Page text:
Hydrolysis of Carbohydrates. Almost all the carbohydrates of the diet are either large polysaccharides or disaccharides, which are combinations of monosaccharides bound to one another by condensation. This means that a hydrogen ion (H+) has been removed from one of the monosaccharides, and a hydroxyl ion (-OH) has been removed from the next one. The two monosaccharides then combine with each other at these sites of removal, and the hydrogen and hydroxyl ions combine to form water (H2O).
When carbohydrates are digested, the above process is reversed and the carbohydrates are converted into monosaccharides. Specific enzymes in the digestive juices of the gastrointestinal tract return the hydrogen and hydroxyl ions from water to the polysaccharides and thereby separate the monosaccharides from each other. This process, called hydrolysis, is the following (in which R"-R' is a disaccharide):
Hydrolysis of Fats. Almost the entire fat portion of the diet consists of triglycerides (neutral fats), which are combinations of three fatty acid molecules condensed with a single glycerol molecule. During condensation, three molecules of water are removed.
Digestion of the triglycerides consists of the reverse process: the fat-digesting enzymes return three molecules of water to the triglyceride molecule and thereby split the fatty acid molecules away from the glycerol. Here again, the digestive process is one of hydrolysis.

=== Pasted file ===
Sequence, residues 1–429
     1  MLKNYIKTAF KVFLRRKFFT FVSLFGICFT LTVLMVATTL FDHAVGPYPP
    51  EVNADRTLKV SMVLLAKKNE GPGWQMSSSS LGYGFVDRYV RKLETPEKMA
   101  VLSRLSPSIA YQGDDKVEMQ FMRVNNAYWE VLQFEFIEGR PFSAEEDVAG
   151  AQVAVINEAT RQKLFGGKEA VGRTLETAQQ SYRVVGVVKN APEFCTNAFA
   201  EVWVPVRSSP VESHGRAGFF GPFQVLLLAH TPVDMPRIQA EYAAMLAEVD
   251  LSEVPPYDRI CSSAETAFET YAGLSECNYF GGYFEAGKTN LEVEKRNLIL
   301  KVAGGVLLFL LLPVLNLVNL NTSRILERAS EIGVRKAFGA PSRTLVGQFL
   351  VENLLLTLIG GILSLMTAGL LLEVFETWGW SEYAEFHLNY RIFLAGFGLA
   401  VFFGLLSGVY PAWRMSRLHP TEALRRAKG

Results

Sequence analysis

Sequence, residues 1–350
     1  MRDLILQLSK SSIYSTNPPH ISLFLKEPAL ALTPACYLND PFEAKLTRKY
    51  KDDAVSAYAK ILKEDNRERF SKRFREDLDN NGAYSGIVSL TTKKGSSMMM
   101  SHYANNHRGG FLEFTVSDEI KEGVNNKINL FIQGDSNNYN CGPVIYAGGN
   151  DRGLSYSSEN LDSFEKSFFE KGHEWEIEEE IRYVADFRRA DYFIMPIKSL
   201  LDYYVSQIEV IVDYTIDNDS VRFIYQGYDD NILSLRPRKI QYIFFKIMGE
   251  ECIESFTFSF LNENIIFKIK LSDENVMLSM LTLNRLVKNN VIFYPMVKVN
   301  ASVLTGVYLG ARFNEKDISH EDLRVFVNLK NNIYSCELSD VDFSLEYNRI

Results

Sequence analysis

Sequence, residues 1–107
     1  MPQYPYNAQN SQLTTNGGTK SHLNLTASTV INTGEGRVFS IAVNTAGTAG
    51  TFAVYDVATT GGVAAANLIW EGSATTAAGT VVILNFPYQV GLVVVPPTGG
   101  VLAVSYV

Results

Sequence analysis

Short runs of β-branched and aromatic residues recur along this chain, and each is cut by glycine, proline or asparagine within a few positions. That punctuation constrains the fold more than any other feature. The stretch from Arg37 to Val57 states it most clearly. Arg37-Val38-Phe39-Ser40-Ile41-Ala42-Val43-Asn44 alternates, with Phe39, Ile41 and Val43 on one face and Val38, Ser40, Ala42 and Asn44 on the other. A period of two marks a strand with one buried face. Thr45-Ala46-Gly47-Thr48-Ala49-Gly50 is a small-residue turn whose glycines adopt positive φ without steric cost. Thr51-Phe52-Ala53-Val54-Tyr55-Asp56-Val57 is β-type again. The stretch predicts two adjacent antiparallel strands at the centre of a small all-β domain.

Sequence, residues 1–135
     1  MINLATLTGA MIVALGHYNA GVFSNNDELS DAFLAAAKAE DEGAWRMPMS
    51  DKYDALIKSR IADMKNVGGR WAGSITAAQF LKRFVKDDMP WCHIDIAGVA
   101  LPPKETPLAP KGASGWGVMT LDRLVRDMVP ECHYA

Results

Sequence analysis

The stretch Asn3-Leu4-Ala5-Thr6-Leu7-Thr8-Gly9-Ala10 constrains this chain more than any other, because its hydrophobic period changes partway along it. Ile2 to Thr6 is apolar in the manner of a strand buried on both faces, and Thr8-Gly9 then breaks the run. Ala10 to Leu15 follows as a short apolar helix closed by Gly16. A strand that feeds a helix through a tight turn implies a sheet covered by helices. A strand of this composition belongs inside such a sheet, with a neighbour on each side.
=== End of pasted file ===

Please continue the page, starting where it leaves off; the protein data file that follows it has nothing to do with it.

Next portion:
Hydrolysis of Proteins. Proteins are formed from multiple amino acids that are bound together by peptide linkages. At each linkage, a hydroxyl ion has been removed from one amino acid and a hydrogen ion has been removed from the succeeding one; thus, the successive amino acids in the protein chain are also bound together by condensation, and digestion occurs by the reverse effect: hydrolysis. That is, the proteolytic enzymes return hydrogen and hydroxyl ions from water molecules to the protein molecules to split them into their constituent amino acids.
Therefore, the chemistry of digestion is simple because, in the case of all three major types of food, the same basic process of hydrolysis is involved. The only difference lies in the types of enzymes required to promote the hydrolysis reactions for each type of food.
All the digestive enzymes are proteins. Their secretion by the different gastrointestinal glands was discussed in Chapter 64.
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